Use common sense and good judgment while travelling
Dear Ate Anna,
Manitoba winter is finally here! I am planning a trip to a warm place for a couple of weeks just to relax and enjoy the sun. If I’m lucky, I might even find the “love of my life”. Ate Anna, do you have any suggestions about where to go?
Where to go on a holiday is a personal preference. Ate Anna does not have any places to suggest to you, but you can go to a travel agency or search a travel website to get more information. However, Ate Anna would like you to stay healthy and safe during your holidays. Here is some travel health advice for you.
If you are planning to travel internationally - to a tropical area or a developing country, it is recommended that you consult a physician or travel health clinic. You should go at least four to six weeks before travelling so that you have enough time to complete any immunizations that may be required.
Staying healthy during travel is usually a matter of common sense. Do not eat raw food unless it has been washed with bottled water or disinfectant. Make sure that food has been cooked properly and drink bottled water, as the standard of hygiene may not be the same as in Canada. In addition, you need to take precautions with your personal lifestyle while you are travelling.
Along with a desire for unique experiences and adventure, people often feel anonymous when they travel. This tends to encourage some travellers to shed their normal social and sexual inhibitions. But remember, sexually transmitted infections (STIs) occur worldwide.
Sexually transmitted infections are caused by different infectious microorganisms including bacteria, viruses and parasites. These are transmitted through semen, vaginal fluid, blood or other body fluids during sexual intercourse. Some STIs are transmitted through close skin-to-skin contact with the vagina, vulva, penis, scrotum, anus and/or mouth. Some can also be transmitted by sharing towels or bed sheets with someone who is infected. Some STIs are easily cured, but some are not. Some STIs can become a life-long problem or are life-threatening - like HIV/AIDS.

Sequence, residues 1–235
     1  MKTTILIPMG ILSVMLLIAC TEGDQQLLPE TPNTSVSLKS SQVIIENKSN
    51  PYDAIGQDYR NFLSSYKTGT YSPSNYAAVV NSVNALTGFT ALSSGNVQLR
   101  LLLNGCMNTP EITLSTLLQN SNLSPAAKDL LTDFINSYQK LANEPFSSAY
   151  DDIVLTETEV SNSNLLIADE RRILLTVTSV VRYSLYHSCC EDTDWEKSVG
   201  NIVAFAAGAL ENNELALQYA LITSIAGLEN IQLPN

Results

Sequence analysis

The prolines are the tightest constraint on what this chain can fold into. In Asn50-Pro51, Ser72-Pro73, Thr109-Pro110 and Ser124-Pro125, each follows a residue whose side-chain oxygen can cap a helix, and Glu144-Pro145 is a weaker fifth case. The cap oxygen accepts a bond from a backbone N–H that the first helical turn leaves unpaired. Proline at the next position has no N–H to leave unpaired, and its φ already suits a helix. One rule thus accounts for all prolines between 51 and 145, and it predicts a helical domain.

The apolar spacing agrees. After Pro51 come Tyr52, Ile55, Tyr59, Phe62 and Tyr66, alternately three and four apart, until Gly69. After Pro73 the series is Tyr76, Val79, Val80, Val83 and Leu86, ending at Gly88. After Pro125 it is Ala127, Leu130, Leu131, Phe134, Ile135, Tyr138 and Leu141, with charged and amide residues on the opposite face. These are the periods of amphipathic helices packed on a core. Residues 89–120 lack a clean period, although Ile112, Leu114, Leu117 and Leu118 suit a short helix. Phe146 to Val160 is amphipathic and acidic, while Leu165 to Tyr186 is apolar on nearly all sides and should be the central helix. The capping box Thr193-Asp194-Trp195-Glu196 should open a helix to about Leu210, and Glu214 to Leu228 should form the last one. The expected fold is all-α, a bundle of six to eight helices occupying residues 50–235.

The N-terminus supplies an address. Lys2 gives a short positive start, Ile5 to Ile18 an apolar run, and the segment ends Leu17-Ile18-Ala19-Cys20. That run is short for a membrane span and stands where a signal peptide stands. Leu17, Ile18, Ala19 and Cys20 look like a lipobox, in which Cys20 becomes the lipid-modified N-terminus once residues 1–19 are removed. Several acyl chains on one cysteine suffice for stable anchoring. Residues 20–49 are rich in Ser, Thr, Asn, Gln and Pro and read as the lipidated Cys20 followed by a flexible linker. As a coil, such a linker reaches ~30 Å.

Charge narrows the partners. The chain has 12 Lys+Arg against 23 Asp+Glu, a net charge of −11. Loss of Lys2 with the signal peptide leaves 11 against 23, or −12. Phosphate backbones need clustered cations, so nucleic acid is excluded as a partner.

The Public Health Agency of Canada strongly recommends that travellers practise the following personal precautions to prevent the transmission of STIs.
Don’t have sex (vaginal, oral, anal) with strangers or commercial sex workers, and avoid casual sexual contacts. The person may have had multiple partners, may have had sex with an injection drug user, or be an injection drug user who shares needles. This would create a very high risk for you to become infected with a sexually transmitted infection, including HIV.
If you are going to have sex with a new partner, use latex (or if allergic, polyurethane) condoms consistently and correctly for every sexual contact. Before leaving home, pack your own supply of high quality latex condoms.
Drink alcohol in moderation. Too much alcohol seriously impairs a person’s judgment and encourages risky or dangerous behaviour.
While travelling, or after your return, you need to see a doctor if you notice any changes in your health, such as:
Discharge from the genitals
Burning feeling when urinating
Sores, particularly in the genital or anal areas
Itchiness around the genitals or anus
Appearance of a rash
Swollen glands in the groin
Sudden onset of flu-like symptoms
These symptoms might appear alone or in combination. If you do not get any of these symptoms but you had sex without a condom while you were away, you should go to your doctor and ask for an STI/HIV test.
Michael, travelling and holidays can be exciting and fun. Make sure your memories are good ones by using common sense and good judgment about your own behaviour. Also, don’t forget to pack insect repellent and sunscreen in your luggage.
Ate Anna welcomes your questions and comments. Please write to: Ate Anna, Suite 200 – 226 Osborne St. N., Winnipeg, Manitoba R3CBroadway, Winnipeg MB R3C 1V4 or e-mail: firstname.lastname@example.org